TUESDAY, Dec. 15, 2020 (HealthDay News) -- Driving is a high-risk behavior for teenagers under ordinary circumstances, but new research shows that many who have experienced a concussion may be returning to the road too soon.
Children's Hospital of Philadelphia (CHOP) and the University of Pennsylvania School of Nursing (Penn Nursing) found that about 47% of teen drivers included in the study returned to driving within two weeks of sustaining their concussions.
The researchers studied data from 332 drivers age 16 to 19 who were diagnosed with a concussion, seen between late January and late August 2018 at CHOP's specialty care concussion program. On average, the teens were seen 12 days after being injured. Their data was included in the Minds Matter Concussion Program registry.
The patients were asked if they had made changes to their driving behaviors, as well as whether they had returned to school, exercise and sports.
About 3 out of 5 of the 47% who had returned to driving reported that they had made no changes to their driving behavior. The others had made some changes, such as limiting the number of trips, distance or avoiding driving at night.
About 28% of the teens who had returned to driving had also returned to exercise. Only 11% had returned to playing an organized sport. About 79% had returned to school.
"We're looking at this intersection of driving and concussion and see teen drivers returning to what is already a very high-risk behavior for them and doing so with an injury known to cause cognitive impairment," said first author Catherine McDonald, a senior fellow with CHOP's Center for Injury Research and Prevention (CIRP) and an associate professor of nursing in the Department of Family and Community Health at Penn Nursing.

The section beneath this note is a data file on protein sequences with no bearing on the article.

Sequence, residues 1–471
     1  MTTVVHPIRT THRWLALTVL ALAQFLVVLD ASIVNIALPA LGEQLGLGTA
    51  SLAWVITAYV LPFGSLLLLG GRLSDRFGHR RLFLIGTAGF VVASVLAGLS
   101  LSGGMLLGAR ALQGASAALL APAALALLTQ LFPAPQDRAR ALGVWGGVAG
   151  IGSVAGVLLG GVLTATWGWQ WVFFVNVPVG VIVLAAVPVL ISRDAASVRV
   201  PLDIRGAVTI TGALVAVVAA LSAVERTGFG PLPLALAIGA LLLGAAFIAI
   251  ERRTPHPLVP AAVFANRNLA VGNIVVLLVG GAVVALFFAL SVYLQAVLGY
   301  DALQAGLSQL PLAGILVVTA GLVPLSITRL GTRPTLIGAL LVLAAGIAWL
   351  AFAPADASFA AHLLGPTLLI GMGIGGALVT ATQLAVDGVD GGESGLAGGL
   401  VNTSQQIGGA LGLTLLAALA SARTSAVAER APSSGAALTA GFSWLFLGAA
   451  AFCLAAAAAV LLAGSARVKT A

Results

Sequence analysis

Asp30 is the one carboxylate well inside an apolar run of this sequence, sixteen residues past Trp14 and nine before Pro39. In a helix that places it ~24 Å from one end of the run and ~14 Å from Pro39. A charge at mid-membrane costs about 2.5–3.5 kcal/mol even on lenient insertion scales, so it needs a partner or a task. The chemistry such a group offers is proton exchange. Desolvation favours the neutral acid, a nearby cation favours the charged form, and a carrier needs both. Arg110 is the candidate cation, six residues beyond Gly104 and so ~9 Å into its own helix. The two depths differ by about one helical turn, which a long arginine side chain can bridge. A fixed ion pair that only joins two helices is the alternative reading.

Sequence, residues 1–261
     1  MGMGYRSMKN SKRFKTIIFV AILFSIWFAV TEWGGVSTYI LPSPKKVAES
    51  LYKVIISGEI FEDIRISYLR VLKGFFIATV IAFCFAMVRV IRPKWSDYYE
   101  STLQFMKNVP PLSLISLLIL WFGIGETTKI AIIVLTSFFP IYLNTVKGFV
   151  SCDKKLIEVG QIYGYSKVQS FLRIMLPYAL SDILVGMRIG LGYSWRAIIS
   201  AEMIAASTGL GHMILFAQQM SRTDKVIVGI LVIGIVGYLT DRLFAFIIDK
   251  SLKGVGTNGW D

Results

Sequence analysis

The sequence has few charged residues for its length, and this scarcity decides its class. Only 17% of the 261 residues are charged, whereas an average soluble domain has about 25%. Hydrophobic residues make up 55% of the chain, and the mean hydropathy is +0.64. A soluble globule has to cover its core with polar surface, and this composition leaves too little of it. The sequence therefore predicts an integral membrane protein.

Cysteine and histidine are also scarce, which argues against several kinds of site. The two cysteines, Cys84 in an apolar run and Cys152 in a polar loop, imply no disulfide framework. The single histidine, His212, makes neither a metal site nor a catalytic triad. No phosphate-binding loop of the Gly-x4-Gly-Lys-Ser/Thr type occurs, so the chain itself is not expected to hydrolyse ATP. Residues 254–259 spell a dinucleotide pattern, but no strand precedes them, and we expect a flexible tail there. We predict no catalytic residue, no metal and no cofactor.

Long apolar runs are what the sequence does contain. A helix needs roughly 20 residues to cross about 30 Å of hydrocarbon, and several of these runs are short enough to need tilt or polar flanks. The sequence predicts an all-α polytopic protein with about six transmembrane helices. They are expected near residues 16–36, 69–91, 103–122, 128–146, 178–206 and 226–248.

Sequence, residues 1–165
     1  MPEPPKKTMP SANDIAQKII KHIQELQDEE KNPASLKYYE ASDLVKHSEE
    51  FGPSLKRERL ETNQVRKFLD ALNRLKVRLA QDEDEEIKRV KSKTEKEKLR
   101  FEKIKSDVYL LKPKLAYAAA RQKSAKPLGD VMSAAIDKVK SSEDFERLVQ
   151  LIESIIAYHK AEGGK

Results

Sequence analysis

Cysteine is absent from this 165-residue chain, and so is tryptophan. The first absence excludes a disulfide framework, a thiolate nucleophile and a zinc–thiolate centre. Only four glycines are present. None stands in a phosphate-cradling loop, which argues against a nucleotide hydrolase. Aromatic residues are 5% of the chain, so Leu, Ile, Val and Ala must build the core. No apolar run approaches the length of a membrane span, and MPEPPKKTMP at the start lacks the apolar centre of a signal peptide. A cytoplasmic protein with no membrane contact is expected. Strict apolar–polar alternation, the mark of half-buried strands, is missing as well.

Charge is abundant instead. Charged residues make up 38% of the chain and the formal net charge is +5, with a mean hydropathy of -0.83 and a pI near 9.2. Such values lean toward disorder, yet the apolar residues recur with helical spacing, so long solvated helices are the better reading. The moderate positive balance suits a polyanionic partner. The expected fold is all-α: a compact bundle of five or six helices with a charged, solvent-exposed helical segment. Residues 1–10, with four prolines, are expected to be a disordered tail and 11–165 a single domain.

"This study sought to provide information on what teens and families are actually doing in the absence of structured clinical guidelines," she said in a hospital news release.
More than 1.9 million children sustain concussions each year. About half of those are adolescents. Concussions can cause what are known as cognitive, vision and neurological deficits. For driving, these include impairing the ability to assess the visual scene, process environmental risks and engage in complex tasks. This can increase the risk of car crashes, according to the study.
The teens who had made changes to their driving had higher symptoms scores than those who had not modified their driving. Of those driving without changes, a clinician assessed them and recommended that three-quarters of the teens have cognitive rest or return to school with accommodations.
The findings raise concerns about the need for evidence-based guidance on safely returning to driving for teens with concussions, researchers said. Providers should include driving as part of post-injury discussions with families and implement a gradual return to driving.
"In the absence of structured recommendations for returning to driving, we believe that young drivers may be getting behind the wheel too soon after their injury," said senior author Kristy Arbogast, director of engineering at CIRP and co-director of the Minds Matter Concussion Research Program at CHOP.
"The management of concussion is evolving, and since driving may pose even more risks than exercise or sports, this study makes it clear that evidence-based guidelines are needed," Arbogast said in the release.
The findings were published online Dec. 15 in the Journal of Adolescent Health.
The U.S. Centers for Disease Control and Prevention offers a fact sheet for parents on teen concussions.
SOURCE: Children's Hospital of Philadelphia, news release, Dec. 15, 2020
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